As fruit growers are faced with a growing need for sustainable development, it is important to integrate sustainability into their management processes. This research applies and evaluates a self-analysis tool for entrepreneurs called the ‘sustainability scan’. The scan identifies 23 sustainability themes, divided according to the 3P-framework (People, Planet and Profit). In the scan, it is assumed that the management of these themes is at the core of sustainable entrepren...

  5. Sustainability evaluation of different systems for sea cucumber ( Apostichopus japonicus) farming based on emergy theory

    Science.gov (United States)

    Wang, Guodong; Dong, Shuanglin; Tian, Xiangli; Gao, Qinfeng; Wang, Fang

    2015-06-01

    Emergy analysis is effective for analyzing ecological economic systems. However, the accuracy of the approach is affected by the diversity of economic level, meteorological and hydrological parameters in different regions. The present study evaluated the economic benefits, environmental impact, and sustainability of indoor, semi-intensive and extensive farming systems of sea cucumber ( Apostichopus japonicus) in the same region. The results showed that A. japonicus indoor farming system was high in input and output (yield) whereas pond extensive farming system was low in input and output. The output/input ratio of indoor farming system was lower than that of pond extensive farming system, and the output/input ratio of semi-intensive farming system fell in between them. The environmental loading ratio of A. japonicus extensive farming system was lower than that of indoor farming system. In addition, the emergy yield and emergy exchange ratios, and emergy sustainability and emergy indexes for sustainable development were higher in extensive farming system than those in indoor farming system. These results indicated that the current extensive farming system exerted fewer negative influences on the environment, made more efficient use of available resources, and met more sustainable development requirements than the indoor farming system. A. japonicus farming systems showed more emergy benefits than fish farming systems. The pond farming systems of A. japonicus exploited more free local environmental resources for production, caused less potential pressure on the local environment, and achieved higher sustainability than indoor farming system.

  6. PATHWAYS TO SUSTAINABLE BANKING MANAGEMENT

    Directory of Open Access Journals (Sweden)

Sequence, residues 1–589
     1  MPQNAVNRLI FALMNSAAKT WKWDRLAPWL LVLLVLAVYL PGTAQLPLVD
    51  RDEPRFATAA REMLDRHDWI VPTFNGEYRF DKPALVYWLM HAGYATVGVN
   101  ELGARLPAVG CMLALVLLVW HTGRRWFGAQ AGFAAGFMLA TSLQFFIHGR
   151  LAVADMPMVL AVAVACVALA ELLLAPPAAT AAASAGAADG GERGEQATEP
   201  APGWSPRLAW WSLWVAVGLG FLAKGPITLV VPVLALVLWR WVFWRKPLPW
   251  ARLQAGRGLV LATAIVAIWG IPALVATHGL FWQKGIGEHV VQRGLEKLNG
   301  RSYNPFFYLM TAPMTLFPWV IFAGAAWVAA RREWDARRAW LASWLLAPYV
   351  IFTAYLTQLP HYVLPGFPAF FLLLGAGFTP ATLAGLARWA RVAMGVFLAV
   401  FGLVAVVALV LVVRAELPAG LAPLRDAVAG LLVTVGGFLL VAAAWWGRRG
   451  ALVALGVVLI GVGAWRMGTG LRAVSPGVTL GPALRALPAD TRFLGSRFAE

Dragan (Santamarian Oana Raluca

    2012-12-01

    Full Text Available This paper describes one of the major challenges of the future: the sustainable development of the society. Sustainability is now increasingly recognized as central to the growth of emerging market economies. For the banking sector, this represents both a demand for greater social and environmental responsibility as well as a new landscape of business opportunity. Several years ago, the main part of the banks did not consider the social and environmental problems relevant for their operations. Recently, the banks began to realize the major impact of the sustainable development over the way of ulterior development of the society and, implicitly over the way of creating of the banking value in the future. In this context, the development of a banking management system, based on sustainable principles represents one of the provocations of these days.Starting from literature in the sustainable banking management field in this paper are presented several relevant issues related to risk management in the context of sustainable banking financing: the need to implement the sustainable management principles in financial and banking industry; the role of banks in sustainable development of society; social and environmental risk management policies, events that have shaped the role of the banking sector in sustainable development; international standards regarding sustainable banking management such us: Equator Principles for sustainable investment projects’ financing or GRI principles for sustainable reporting. Furthermore, we developed a practical case study related to the implementation of sustainable banking management at Bank of America.